If you’re not really crisp about qualifying sales opportunities, you could be missing one or more factors that, alone, could kill your deal before it even gets off the ground (and without you even knowing it’s happened).
Oftentimes, having five of six buying signals or qualification factors isn’t enough. Just one “no” could kill the sale and waste a ton of your time pursuing it.
Here are six specific “no’s” that could cripple or kill your next sale.
No “compelling event”
This is the difference between “nice to have” and “need to have.” The prospect may be excited about what you can do for them, but if you’re one of 47 priorities on their plate, they have no compelling reason to move forward right now. These are the deals that look great, except that they keep getting pushed to the next quarter, and the next quarter, and the next. Identify the compelling event early, or (better yet) target prospects where a specific, proven compelling event or environment already exists.
No business case
Who’s doing the value translation? If you’re expecting the prospect to do it, they may not have taken the time, or have the ability, to make a strong and measurable case for why your product or solution will drive real value for the organization. Have you helped them calculate a potential ROI? Have you helped them tie your representative outcome with other, existing priorities in their group or organization? No business case means no justification and no urgency. That’s a deal killer.
You don’t need to spend the entire sales cycle speaking to the decision maker. But that decision maker had better be identified and engaged early, so that they’re also on board with what you’re doing and the value you will provide. A chatty prospect is not a qualified prospect, and no matter how much someone else likes what you’re selling, if they don’t have the power to buy and move forward, they aren’t going to get your deal done.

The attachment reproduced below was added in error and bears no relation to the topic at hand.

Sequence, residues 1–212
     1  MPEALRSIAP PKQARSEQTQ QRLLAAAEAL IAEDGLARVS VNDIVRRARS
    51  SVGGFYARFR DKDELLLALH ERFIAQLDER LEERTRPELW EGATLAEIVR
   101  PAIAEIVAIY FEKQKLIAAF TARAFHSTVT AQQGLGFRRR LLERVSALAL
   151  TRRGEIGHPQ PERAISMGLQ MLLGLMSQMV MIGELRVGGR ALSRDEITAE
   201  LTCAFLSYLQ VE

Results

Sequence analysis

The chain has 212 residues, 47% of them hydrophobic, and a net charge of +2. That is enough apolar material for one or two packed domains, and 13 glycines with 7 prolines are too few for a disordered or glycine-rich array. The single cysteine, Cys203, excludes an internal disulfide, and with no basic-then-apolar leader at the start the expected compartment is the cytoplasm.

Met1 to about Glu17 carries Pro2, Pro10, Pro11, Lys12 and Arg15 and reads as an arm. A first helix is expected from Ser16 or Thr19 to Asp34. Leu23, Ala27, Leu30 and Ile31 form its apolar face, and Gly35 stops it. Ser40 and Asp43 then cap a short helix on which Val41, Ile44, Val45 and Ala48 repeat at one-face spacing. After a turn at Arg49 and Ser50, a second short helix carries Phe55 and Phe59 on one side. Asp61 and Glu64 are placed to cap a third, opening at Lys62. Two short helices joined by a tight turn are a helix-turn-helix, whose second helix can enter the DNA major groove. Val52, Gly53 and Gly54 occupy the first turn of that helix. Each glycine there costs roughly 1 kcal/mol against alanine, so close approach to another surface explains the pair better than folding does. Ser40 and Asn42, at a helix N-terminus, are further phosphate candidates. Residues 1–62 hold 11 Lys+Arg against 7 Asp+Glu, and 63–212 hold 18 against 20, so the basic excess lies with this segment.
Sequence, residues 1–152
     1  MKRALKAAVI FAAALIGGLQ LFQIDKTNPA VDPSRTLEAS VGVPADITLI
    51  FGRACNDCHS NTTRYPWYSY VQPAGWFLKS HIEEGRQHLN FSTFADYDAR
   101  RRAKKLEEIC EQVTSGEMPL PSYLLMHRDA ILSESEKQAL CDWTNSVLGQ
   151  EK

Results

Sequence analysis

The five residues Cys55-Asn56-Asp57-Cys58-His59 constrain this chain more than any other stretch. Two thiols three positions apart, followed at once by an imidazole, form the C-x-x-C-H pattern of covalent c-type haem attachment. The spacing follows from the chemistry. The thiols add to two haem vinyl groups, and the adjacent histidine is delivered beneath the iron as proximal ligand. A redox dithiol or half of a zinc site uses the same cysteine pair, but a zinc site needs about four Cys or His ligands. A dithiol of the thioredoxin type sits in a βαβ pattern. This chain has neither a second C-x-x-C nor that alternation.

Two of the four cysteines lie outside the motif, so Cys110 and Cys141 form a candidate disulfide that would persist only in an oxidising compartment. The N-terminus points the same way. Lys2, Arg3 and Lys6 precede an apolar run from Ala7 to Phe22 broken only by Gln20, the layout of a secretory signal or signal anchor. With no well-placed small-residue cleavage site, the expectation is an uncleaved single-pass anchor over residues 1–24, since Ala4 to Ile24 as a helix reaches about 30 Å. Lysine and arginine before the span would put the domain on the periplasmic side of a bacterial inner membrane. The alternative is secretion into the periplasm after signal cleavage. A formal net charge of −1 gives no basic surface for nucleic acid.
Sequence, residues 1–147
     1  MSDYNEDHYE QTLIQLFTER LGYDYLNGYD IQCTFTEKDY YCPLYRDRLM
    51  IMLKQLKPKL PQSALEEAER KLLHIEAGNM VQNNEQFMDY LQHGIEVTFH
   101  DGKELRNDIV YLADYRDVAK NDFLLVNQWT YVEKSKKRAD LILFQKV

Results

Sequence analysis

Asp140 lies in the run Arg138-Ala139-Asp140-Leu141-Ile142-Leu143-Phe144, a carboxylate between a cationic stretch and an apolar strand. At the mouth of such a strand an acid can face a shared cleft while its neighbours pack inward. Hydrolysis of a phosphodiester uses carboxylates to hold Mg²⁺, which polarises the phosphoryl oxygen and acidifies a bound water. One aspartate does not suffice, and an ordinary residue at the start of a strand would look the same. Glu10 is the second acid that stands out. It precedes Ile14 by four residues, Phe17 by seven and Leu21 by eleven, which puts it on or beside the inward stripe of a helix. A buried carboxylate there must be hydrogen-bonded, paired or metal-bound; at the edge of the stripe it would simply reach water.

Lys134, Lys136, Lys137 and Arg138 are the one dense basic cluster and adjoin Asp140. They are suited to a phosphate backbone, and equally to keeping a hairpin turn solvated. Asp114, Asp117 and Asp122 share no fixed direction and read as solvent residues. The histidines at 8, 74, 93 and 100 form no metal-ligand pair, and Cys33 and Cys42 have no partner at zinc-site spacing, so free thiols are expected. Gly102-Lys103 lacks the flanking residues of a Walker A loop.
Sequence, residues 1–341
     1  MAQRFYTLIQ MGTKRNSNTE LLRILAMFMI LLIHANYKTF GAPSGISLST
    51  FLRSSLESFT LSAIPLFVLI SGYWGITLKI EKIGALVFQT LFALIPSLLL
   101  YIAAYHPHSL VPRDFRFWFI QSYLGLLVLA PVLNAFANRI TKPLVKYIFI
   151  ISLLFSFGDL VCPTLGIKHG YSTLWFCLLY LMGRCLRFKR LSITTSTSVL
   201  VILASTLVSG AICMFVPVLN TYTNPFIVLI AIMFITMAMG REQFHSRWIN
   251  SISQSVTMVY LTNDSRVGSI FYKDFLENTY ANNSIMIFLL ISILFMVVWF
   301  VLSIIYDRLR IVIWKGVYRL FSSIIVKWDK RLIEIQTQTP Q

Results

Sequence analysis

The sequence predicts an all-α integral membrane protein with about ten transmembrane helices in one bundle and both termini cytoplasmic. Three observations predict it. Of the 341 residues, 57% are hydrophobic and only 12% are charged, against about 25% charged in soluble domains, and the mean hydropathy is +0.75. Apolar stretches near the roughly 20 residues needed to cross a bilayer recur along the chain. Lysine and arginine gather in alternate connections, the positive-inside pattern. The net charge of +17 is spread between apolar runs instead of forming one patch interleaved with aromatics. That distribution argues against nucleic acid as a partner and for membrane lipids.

This isn’t about identifying existing budget. Budgets for the majority of organizations are squishy anyway. For a big-enough priority, they’ll find the money. But if you don’t ask the budget question early, or at least once you’ve done the value translation and identified (or created) the urgency, you might be faced with the equivalent of an unfunded mandate. And that deal’s not going anywhere either.
How is your buyer or decision maker going to communicate their investment to others? How does the story of your solution fit into the larger story the individual, department or organization is trying to tell? Are you relying on the prospect to write their own story, or are you helping to write it for (and with) them? This is closely tied to business case, but it’s more than numbers. It includes how effectively you can communicate the outcome, the benefits, the advantages of moving forward.
Once the ink is dry, what’s needed to execute? What people, technology, processes and other resources are required to operationalize and launch the product or service? What’s required to convert potential into actual, measurable value? Some prospects will buy without thinking this through, which is a churn problem just waiting to happen. But for others, not clearly understanding the execution path creates enough uncertainty to keep your deal on the side burner indefinitely. Ensure your prospects understand what it takes to be successful. If they aren’t able or willing to make that resource commitment, they either haven’t yet bought off on the value or just aren’t ready for it at this time. In either case, ask the hard question early to identify clearly if you have a real prospect on your hands, or if you should move on.